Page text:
Momentum Score A
Industry: Internet – Software Top 36% (91 out of 253)
Sales estimated to grow 61.6% in year ending 12/2020 and 60.3% in 12/2021; loss per share estimated to drop 45.4% in 12/2020 and 94.3% in 12/2021
2020 loss per share estimate dropped 29 cents and 2021 loss per share estimate dropped 13 cents in the last 30 days.
Next, I’ll move to medical instruments. Of course these are essential things that patients will need whether there’s a lockdown or not. Unless it’s the capital intensive kind, because hospitals don’t have the resources for that just now.
In this group I picked Electromed ELMD, which isn’t expensive at $12.25. But that’s not the only reason. This company designs, manufactures and distributes globally its SmartVest® Airway Clearance System, using personalized high-frequency chest wall oscillation (HFCWO), an alternative to Chest Physiotherapy (CPT). It mechanically loosens, mobilizes and releases respiratory secretions from the lungs. In March this year, it released an app for iOS and Android that uses Bluetooth facilitating real-time tracking and collaboration between patients and healthcare teams to improve therapy and outcomes. The SmartVest is therefore proving crucial in treating coronavirus patients. Need I say more. Other details include a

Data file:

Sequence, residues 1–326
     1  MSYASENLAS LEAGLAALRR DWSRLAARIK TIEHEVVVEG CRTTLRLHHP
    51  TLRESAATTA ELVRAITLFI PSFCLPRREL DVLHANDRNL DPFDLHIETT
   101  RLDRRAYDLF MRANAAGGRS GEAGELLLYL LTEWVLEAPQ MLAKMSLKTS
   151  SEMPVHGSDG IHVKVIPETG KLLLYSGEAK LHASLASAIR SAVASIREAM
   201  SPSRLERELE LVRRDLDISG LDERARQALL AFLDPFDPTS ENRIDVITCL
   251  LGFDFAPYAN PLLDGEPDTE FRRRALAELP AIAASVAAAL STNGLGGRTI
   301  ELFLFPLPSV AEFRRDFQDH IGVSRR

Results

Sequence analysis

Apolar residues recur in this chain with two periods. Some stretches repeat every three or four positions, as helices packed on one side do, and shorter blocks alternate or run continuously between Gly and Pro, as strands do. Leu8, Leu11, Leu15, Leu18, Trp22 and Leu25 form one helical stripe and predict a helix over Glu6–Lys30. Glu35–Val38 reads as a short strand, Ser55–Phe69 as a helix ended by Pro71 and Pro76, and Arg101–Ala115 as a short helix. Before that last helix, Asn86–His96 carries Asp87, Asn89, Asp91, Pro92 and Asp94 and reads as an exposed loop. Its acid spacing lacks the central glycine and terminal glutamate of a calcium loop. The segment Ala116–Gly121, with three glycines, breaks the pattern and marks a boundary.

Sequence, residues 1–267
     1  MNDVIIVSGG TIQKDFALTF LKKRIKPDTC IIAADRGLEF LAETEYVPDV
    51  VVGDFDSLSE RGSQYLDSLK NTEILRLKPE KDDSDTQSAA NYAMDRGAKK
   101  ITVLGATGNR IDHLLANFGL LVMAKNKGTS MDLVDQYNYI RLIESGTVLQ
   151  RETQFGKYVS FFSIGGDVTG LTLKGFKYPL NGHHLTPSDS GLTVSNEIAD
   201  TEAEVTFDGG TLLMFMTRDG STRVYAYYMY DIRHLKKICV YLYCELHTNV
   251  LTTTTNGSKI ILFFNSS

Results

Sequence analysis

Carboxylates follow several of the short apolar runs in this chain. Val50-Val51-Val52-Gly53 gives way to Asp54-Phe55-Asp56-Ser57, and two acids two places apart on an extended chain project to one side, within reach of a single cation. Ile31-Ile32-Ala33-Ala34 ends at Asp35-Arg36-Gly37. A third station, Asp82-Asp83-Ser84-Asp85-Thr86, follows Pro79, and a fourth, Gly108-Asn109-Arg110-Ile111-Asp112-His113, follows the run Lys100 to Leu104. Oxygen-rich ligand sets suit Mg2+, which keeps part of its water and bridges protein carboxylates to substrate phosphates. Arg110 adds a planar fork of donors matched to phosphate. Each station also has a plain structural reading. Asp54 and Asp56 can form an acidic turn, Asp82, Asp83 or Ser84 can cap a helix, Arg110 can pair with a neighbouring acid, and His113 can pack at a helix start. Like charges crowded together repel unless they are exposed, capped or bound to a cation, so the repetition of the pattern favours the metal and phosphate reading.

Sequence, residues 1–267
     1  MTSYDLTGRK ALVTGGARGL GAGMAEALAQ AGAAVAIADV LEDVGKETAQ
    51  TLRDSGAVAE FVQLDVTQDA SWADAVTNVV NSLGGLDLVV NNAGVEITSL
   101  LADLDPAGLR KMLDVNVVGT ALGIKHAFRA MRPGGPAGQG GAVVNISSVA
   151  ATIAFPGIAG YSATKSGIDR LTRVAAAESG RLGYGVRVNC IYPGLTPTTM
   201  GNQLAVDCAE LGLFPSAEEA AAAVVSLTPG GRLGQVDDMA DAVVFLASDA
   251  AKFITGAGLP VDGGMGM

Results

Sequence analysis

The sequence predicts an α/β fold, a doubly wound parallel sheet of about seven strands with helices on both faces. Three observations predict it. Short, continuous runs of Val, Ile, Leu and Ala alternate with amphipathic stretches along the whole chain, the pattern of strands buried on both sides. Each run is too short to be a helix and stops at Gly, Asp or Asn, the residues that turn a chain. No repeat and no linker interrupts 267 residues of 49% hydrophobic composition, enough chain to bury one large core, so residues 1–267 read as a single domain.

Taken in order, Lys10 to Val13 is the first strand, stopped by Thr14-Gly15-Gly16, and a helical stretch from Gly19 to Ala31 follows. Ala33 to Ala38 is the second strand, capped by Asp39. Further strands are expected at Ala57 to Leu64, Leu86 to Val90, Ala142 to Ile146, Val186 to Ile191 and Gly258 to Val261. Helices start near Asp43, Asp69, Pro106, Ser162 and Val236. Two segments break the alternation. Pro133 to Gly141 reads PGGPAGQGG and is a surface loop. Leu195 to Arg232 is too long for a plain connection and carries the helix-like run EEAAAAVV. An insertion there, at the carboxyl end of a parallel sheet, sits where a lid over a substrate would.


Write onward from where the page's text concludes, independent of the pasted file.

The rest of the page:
Zacks Rank #1
Growth Score B
Momentum Score B
Industry: Medical – Instruments Top 11% (29 out of 253)
EPS estimated to grow 82.6% in 6/2020 and 11.9% in 6/2021
2020 EPS up 6 cents in last 60 days, 2021 up 13 cents
With everyone staying home, working from home, eating at home and doing everything else at home, we obviously need a whole lot of things at home. And we probably shouldn’t go to the store to pick up stuff, what with new research showing that the virus can stay airborne for hours and infect people up to 4 meters away (yes, everything we knew about it keeps changing), we probably should stay only at home. Unless there’s an emergency. So that means we need to get most things home delivered. That’s what makes ecommerce so important right now.